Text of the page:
A dustup between parties with legal claims to proceeds from the sales of horses in the Stonewall Farm bankruptcy has been settled.
On Thursday, the Lexington Herald-Leader‘s Janet Patton had a business story about a motion in the case that could have had very serious implications for equine business.
In particular, an adversarial motion filed Aug. 11 in US Bankruptcy Court for the Eastern District of Kentucky (Lexington Division) by Stonewall Farm’s various stallion entities essentially pitted differing banks against one another.
The major points were that the Stonewall entities (and their bank) wanted the stud fees paid before issuing the stallion service certificates on mares and foals that are collateral for loans from other banks.
Not surprisingly, those banks didn’t want to fork over any money when they were owed quite a lot already.
This, however, was not a typical situation. The various Stonewall entities own all the horses involved, and they are all in bankruptcy.
The hot-button question was whether the Stonewall/bank entity on the stallion side could force the Stonewall/bank entity on the mare side to pony up cash to allow a sale.
An agreement, however, has been worked out between the parties to allow the bankruptcy dispersal to proceed.
Although the confrontation between the Stonewall entities has some of the qualities of a tempest in a tea pot, this was a serious point because, typically, sales companies will not allow horses through the ring without both the Jockey Club registration papers and the stallion service certificate being available to buyers, as noted in the conditions of sale.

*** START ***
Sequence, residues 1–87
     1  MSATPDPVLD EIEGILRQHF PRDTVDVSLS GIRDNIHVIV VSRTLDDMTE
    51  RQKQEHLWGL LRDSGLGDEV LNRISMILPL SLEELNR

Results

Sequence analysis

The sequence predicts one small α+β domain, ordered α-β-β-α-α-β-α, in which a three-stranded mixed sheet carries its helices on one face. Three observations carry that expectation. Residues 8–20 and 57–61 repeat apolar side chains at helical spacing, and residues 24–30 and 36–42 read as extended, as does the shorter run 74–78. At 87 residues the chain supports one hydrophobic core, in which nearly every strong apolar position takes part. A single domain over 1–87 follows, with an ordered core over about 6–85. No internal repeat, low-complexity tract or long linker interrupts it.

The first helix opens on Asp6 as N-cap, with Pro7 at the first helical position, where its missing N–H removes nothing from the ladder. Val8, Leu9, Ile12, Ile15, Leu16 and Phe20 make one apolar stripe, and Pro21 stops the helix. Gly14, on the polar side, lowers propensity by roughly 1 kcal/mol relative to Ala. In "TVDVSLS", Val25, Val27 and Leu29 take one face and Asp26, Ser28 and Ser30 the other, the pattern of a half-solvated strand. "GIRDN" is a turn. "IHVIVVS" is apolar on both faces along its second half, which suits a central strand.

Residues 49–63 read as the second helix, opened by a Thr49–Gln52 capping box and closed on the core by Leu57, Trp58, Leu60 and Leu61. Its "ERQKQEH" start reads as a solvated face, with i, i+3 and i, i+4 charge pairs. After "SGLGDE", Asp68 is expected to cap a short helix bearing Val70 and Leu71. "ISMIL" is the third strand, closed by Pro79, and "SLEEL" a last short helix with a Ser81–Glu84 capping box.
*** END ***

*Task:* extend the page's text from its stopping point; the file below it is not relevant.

By requiring the papers and stallion service certificate, Keeneland is able to guarantee clear title to the horses going through the ring, although there can be as many liens as required on the proceeds from the sale.
Keeneland and other sales houses are serving the interests of a clear marketplace by insisting on unencumbered title to the horses. Every buyer wants a clear title, with no loose ends, and the sales companies don’t sell parts, pieces, or loose ends.
Typically, when a bank has a lien against a horse, it provides the stallion service certificate and takes the proceeds from the sale up to the lien amount.